and for a little while, Charlie Webber on vocals. Charlie's elder brother
Steve was in a real band called The Geranium Pond who played at The UFO
and supported The Floyd, and having Charlie in the band meant we could
borrow some of their equipment if they weren't using it. The only problem
was that Charlie couldn't sing, so in the end I ended up as lead vocalist.
We did Hendrix and Cream covers and played in local youth clubs. After that
I joined a band called Boxweed, then I was in an acoustic duo with a guy
called Dicky Bird. We called ourselves Nick & Dick, and actually supported
really famous people like Linda Lewis, Kripple Vision, Flesh, and a band
who very nearly made it called Tubby's Extension. With a name like that
they really deserved to go far.
Room 13 and Von Trap Family were the first bands to be released on your
Woronzow Records in the early 80's. Please tell as something about these
bands and releases. What bands were you listening to back then?
Nick Saloman: When I came back to London from college it was 1976. Jan and I got a flat in Hampstead,
and I immediately set about getting a band together. I called up Bari Watts and
Ric Gunther and with me on bass, we started rehearsing some of my songs.
We called the project Dagon, and recorded a 3-track demo which we were
really pleased with. However, just as we started taking 'Dagon' around
the labels, a band of spikey haired louts said 'Fuck' on TV, and we were
old farts overnight. I have to admit I really liked punk. I'd never been
a prog fan, and absolutely detested Yes and Genesis. I thought it was just
what was needed. I was very sad to hear Rotten and Co slagging off the
hippies, because I felt that punk was very similar to the hippie movement
of the late 60s. I thought they should have been slagging off the coked-out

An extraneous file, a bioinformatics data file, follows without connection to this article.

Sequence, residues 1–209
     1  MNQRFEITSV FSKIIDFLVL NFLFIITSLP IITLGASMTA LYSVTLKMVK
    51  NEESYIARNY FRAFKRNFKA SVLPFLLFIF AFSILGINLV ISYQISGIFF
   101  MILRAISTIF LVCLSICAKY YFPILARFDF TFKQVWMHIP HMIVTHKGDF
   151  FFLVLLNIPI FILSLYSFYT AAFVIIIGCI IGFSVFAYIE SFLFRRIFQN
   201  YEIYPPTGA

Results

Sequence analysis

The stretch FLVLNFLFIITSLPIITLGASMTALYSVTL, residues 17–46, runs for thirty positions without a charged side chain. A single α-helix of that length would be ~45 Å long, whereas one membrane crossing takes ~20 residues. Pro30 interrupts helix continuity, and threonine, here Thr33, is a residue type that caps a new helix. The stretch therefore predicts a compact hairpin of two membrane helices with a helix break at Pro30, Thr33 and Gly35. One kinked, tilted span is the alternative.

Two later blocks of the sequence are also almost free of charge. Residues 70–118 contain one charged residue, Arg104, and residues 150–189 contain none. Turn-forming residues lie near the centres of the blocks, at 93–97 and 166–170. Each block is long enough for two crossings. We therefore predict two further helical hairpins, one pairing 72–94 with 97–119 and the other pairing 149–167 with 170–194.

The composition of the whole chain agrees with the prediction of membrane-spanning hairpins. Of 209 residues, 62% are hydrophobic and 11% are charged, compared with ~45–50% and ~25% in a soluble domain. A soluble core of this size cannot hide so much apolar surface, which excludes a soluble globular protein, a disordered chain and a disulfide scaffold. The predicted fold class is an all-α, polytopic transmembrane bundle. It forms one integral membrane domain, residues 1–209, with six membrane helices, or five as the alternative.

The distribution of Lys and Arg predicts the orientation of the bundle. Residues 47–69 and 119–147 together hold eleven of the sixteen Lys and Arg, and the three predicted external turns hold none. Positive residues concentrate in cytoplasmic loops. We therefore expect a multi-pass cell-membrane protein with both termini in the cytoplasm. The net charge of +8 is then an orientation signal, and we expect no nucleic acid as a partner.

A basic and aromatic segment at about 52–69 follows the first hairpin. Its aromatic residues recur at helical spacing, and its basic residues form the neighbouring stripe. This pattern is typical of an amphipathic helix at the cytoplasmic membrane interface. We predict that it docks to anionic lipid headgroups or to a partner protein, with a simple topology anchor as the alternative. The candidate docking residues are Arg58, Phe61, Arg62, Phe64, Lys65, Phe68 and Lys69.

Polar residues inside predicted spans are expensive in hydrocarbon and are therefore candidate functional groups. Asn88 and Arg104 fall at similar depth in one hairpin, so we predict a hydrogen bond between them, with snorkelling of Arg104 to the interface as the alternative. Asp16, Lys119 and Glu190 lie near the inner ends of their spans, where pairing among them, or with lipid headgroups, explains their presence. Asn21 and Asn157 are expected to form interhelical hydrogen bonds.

superstars like Rod Stewart and The Eagles, and all the horrible bastards
who worked at record companies happily treating the artistes like shit.
But there you go. Bari and Ric never got into punk, but a couple of my
old mates, Mark and Kev dug it. So one night at a particularly awful
Lurkers gig, we decided to form a band. We got Ray Flores in on drums,
Mark Friedlander played bass, and Kev Rogers sang. Thus the Von Trap
Family was born. We added Chris Whittaker on guitar, and off we went.
For a couple of years we gigged regularly round London. We tried really
hard to get a deal, but as usual, no one wanted to know, so we cut our
own single. It was a 3 track 45 featuring 'No Reflexes', 'Brand New
Thrill' and 'Dreaming Again'. We called the label Woronzow after a street
near where we all grew up. Without realising it, we were actually quite
close to getting somewhere. We were gigging all the time, we got played
on John Peel a few times, we were often mentioned in the music press,
but after a while Ray got fed up with not becoming famous, Chris joined
the fire brigade (he's now contemplating retirement!) and it fell apart.
Mark, Kev and I wanted to continue and we found a brilliant 17-year-old
punk drummer called Martin Crowley and formed Room 13. We did 12" single
called 'Murder Mystery' and kept on gigging, but nothing really developed.
I had a bad motorbike smash in 1982, and after that, even when I was fit
again, the heart had gone out of the band and we split up.
Where did you get the idea of starting a project like The Bevis Frond?
What did you want to achieve, originally? Are you happy with the situation now?
I guess I felt like I really should be doing exactly what I wanted.